• Buy things yourself: Let’s assume that your contractor is cool with you sourcing some of your own materials; visit a local stone yard to research your options, and purchase materials yourself to avoid a mark-up. You may find extra savings by negotiating a bulk order, or by purchasing materials in the off-season. Try to avoid multiple deliveries, as charges are often quoted as a flat rate for each trip.
Installing Materials to Build a New Patio

Installing Materials to Build a New Patio

Installing a Flagstone Patio with stone and sand underlayment.

Photo by: Emily Fazio

Emily Fazio

What Costs Should Be Considered for a Simple Patio Installation?

Creating a totally enviable patio doesn’t need to be a 5-figure job. By opting for a less complex installation, you might even find that you can install it yourself with a little patience and know-how. Money in your pocket = more funding for fun summer patio parties.

10 Outdoor Spaces on a Budget

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Warm Up the Front Porch

Inexpensive updates, like red door paint, bright plants in painted pots and a rocker with a comfy pillow make this porch welcoming and cozy.

Add Flowers

Sometimes all you need to brighten a space is a pretty pot of flowers — even dried ones will work, as the patio from Blog Cabin 2012 shows.

Photo By: Jason Kisner

Luxuriate Under a Canopy

Rate My Space contributor Tiki262 wanted an outdoor canopy bed but didn't have the space. He decided to convert an existing double lounger into a bed. The result: a custom, focal-point piece for about $50.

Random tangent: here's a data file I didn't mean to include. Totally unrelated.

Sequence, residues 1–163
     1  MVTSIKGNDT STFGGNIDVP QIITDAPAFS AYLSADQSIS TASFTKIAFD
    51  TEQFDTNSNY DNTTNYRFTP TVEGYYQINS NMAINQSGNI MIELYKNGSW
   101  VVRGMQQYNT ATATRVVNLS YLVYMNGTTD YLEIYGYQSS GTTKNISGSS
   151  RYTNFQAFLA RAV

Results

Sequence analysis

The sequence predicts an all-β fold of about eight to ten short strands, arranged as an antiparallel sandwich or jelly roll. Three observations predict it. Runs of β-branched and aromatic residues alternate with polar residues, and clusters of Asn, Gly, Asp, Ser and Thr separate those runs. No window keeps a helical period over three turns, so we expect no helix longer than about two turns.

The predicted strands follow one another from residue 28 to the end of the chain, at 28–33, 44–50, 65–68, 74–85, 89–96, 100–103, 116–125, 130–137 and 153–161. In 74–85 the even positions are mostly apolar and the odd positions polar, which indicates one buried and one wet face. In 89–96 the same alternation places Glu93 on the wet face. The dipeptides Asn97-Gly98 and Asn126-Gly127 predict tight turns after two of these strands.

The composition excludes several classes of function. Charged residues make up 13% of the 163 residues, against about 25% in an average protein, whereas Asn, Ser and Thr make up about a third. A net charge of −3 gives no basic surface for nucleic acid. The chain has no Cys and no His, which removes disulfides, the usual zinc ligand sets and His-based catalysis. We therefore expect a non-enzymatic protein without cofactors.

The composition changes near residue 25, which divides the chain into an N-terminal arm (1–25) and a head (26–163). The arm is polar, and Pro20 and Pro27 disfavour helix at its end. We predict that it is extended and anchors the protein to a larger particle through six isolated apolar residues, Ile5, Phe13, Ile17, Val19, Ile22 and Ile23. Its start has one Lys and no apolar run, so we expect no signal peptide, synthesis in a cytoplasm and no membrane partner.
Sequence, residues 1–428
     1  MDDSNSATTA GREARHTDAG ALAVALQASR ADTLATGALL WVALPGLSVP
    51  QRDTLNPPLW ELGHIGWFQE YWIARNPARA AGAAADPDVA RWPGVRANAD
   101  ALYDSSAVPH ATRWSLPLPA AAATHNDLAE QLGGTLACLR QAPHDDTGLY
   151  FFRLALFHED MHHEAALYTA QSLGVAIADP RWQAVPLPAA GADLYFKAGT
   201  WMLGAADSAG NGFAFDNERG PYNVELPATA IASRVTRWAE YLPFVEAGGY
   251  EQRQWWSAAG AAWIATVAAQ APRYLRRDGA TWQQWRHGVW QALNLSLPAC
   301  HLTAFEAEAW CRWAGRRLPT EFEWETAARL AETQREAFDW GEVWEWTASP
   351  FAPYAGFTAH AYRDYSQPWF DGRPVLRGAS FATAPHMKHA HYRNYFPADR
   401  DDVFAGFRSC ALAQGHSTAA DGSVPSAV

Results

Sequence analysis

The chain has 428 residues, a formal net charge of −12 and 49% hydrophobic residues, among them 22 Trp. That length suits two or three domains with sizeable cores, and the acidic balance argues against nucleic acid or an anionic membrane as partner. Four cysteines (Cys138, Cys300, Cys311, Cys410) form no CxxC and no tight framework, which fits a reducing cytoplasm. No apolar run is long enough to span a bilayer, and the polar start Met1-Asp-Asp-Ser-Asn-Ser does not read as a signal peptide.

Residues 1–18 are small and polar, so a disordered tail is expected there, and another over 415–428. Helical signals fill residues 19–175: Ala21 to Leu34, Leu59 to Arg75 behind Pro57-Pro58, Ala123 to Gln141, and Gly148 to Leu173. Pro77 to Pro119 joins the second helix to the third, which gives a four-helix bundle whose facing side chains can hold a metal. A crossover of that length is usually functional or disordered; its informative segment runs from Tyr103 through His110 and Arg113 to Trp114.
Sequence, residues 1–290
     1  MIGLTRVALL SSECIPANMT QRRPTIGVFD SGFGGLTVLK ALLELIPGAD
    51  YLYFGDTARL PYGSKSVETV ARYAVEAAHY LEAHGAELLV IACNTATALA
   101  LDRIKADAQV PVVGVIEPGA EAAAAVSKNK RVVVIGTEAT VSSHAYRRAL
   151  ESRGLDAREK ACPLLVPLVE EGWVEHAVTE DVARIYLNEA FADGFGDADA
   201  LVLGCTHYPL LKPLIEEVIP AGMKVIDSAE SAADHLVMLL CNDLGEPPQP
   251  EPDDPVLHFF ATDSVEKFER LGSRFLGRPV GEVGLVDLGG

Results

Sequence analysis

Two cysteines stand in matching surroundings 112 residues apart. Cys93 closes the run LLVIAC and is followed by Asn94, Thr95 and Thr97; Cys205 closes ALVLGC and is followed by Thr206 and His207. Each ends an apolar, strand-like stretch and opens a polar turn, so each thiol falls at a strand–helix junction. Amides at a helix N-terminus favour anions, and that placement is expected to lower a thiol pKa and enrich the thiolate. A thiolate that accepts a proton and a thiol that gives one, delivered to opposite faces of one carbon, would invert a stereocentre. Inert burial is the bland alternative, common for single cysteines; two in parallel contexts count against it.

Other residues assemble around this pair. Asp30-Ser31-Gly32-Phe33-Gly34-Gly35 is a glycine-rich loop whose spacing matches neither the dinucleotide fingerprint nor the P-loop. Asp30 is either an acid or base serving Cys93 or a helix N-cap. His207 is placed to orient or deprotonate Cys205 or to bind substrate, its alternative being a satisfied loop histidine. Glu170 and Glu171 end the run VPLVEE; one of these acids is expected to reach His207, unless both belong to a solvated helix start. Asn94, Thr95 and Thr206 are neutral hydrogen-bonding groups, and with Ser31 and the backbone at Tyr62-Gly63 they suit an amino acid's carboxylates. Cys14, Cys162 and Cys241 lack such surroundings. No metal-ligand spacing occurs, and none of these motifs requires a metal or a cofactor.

Build a Flower Bed

Use an old iron bed to create a hyper-literal garden bed. This creative bed offers the fairies a spot to rest.

©Courtesy of Rate My Space contributor Faeryhollow

Create a Water Feature

If you want a sense of peace and tranquility in your outdoor space, add a water feature. Rate My Space contributor AussieAngel created this lovely fountain using a solar water pump.

Make Furniture Multi-Task

Rate My Space contributor jodwayne made a dual-purpose table with adjustable height so it can serve as a coffee table or a dining table.

Hang a Daybed

A hanging daybed is the perfect spot for a nap. Get instructions for your own daybed from HGTV.com.

Paint a Rug

Designer Bryan Patrick Flynn gave this old deck new life with a painted rug.

Build a Firepit

Stack rectangular pavers in a staggered pattern, then line the pavers with fire bricks, for a beautiful custom firepit.

Plant a Birdhouse

A birdhouse is a beautiful focal point and can be used to frame a view. (Image courtesy of blondegardener)

Advantages:

A less expensive patio may have fewer complexities, making it more likely to be a project that you can tackle with minimal assistance. Without electrical considerations or built-in kitchen space, you can save on the cost of permits. And of course, a less complex project means that even if you do hire a crew, they should be able to finish it quickly – sometimes even in just 2-3 days.

Disadvantages:

You may sacrifice features and material quality in order to create an outdoor living space on a smaller budget. If you’re doing the project DIY-style, time is going to be a disadvantage for you personally; if you’re working through the installation on top of doing a full-time job, you’ll be sacrificing lots of your off-hours hustling to get the job done, and it’s certainly not easy work.

Where are the costs?

While reduced labor costs and less expensive materials may help offset the bottom line, a patio still requires some investment.